TAMPA, FLA. — Kevin Santa is willing to overcome anything to achieve his dream of playing baseball.
The University of Tampa shortstop and unofficial team captain from Yabucoa, Puerto Rico, exudes confidence on the field, despite facing the pressures of living in a new country.
Though he has seen both his dedication and ambition tested, the offensively gifted player has continued to produce for the Spartans.
“I had to adapt to the culture, the way they teach, the way they play baseball, the way they are outside the field,” he said before Wednesday’s practice at the school’s perfectly manicured field.
“It was hard at the beginning but I thought, ‘Either get used to it or go back to Puerto Rico,’ so I decided to get used to it.”
Santa apparently has done exactly that, batting .471 in 70 at-bats this year, following a season cut short by a broken hand, where he hit .441 over 26 games.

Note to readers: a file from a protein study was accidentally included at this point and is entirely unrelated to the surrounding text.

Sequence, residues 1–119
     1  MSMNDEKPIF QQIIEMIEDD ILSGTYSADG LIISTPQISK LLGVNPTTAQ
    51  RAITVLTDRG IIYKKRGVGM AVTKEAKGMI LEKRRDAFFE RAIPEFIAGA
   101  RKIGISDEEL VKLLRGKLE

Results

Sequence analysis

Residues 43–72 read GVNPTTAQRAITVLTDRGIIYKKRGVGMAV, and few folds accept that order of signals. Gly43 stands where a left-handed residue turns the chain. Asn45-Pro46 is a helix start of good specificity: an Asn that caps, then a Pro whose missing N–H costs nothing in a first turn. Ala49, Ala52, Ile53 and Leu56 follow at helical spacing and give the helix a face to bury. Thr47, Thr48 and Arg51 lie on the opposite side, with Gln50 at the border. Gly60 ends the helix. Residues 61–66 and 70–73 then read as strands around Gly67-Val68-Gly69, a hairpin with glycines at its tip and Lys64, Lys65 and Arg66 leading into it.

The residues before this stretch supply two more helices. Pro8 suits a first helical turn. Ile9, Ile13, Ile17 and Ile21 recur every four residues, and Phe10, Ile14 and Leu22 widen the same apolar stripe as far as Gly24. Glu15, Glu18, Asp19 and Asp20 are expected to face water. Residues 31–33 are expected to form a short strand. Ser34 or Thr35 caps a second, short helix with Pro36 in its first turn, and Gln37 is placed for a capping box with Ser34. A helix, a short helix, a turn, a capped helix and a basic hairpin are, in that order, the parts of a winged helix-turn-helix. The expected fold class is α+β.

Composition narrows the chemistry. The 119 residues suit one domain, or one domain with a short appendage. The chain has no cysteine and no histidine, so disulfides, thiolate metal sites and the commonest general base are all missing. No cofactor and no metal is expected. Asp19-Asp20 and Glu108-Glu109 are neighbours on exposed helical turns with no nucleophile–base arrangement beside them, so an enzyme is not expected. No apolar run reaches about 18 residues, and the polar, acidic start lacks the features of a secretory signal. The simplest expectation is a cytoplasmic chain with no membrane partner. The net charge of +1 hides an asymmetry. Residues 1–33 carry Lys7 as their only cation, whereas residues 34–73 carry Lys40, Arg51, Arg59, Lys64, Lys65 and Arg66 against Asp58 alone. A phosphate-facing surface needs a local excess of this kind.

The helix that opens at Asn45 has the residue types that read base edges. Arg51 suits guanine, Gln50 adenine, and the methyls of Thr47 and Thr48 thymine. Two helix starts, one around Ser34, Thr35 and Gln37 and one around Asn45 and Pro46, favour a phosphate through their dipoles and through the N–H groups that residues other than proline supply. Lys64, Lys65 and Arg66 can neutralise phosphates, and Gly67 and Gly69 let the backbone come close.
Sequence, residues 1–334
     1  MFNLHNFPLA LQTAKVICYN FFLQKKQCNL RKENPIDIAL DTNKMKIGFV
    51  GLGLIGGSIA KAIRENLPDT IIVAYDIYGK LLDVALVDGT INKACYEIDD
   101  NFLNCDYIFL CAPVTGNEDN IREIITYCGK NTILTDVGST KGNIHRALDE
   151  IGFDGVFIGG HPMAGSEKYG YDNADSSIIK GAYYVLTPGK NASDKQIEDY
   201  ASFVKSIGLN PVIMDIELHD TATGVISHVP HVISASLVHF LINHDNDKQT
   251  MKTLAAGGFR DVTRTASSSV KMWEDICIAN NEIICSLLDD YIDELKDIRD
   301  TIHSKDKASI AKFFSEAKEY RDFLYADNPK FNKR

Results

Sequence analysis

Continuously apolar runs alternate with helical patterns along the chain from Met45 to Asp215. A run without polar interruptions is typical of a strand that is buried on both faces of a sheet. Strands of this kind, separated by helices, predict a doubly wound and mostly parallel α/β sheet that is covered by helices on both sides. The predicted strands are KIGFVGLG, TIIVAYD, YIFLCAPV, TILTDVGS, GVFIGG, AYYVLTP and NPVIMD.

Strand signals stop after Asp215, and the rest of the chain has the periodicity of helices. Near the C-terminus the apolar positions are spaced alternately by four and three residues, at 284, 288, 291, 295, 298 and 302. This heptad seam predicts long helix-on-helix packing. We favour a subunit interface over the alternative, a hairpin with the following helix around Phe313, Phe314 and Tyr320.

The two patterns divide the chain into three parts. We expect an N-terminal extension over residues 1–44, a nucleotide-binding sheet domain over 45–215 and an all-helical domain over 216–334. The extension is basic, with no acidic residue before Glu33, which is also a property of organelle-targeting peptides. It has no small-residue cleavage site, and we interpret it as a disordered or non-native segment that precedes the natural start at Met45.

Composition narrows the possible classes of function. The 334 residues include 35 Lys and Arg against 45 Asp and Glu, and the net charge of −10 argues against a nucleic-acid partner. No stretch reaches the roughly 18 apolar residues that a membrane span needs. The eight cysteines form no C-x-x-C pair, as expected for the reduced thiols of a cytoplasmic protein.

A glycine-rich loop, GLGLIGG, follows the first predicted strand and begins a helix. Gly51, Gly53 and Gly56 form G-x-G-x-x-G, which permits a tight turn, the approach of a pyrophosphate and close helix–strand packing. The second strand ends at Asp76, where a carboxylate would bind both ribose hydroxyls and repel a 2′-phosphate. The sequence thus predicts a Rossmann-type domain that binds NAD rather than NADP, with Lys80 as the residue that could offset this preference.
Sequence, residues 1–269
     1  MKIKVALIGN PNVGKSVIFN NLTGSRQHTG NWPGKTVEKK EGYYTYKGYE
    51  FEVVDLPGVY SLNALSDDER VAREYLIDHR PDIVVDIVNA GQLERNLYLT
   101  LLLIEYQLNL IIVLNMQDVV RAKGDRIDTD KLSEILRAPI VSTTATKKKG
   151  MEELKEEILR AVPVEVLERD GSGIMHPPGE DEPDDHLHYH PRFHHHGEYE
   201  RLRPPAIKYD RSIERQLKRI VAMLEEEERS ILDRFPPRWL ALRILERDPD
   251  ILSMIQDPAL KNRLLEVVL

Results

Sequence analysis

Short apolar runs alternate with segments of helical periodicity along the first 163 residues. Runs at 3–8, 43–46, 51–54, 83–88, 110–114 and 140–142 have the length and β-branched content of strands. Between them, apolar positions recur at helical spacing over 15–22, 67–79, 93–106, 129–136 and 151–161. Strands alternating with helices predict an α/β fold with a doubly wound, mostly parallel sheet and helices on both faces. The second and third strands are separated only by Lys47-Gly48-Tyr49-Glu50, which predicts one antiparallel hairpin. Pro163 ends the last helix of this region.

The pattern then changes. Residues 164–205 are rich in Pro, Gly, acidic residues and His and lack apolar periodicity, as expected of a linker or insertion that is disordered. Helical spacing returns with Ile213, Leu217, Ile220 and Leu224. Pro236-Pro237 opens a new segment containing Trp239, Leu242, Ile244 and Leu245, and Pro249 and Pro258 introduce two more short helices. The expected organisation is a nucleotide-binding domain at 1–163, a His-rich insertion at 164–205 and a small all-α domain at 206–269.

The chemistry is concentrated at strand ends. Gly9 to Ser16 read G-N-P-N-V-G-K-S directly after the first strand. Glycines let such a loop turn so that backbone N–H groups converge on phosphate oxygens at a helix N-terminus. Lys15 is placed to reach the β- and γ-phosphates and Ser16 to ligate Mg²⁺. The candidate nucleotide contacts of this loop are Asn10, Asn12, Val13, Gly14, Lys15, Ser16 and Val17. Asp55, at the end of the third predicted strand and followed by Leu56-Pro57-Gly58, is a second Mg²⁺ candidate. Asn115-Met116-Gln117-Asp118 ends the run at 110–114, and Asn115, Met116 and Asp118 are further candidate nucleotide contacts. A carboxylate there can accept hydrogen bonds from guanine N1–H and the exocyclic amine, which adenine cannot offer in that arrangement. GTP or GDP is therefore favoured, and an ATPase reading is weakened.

For this aspiring ballplayer, there was never really another choice.
“My mom played college ball back in Puerto Rico, and my dad always loved baseball, so it’s kind of like a religion in my house, and in my country, too,” said Santa, on the particularly warm and sunny afternoon. “I didn’t do anything else besides baseball.”
The compact player’s command of the English language now approaches his command of the gap between second and third base.
He credits teammates with his transition, who took him out looking for deer in an extracurricular outing.
“I never went hunting (before), and they said, ‘You’ll have a nice experience,’” Santa said with a wry smile.
“We went deer hunting and I couldn’t get a deer, but we went frogging and I got two frogs.”
Hunting with the baseball team is a microcosm of Santa’s successful transition to playing in Florida, and yet, it is just another step toward his ultimate dream.
“Just to play baseball until my body says it’s over,” he said.
“If it’s in minors, if it’s in MLB, if it’s back in Puerto Rico, if it’s in Japan, it doesn’t matter, I just want to keep playing ball until God says, ‘This is your time; put your cleats up and go be normal.’”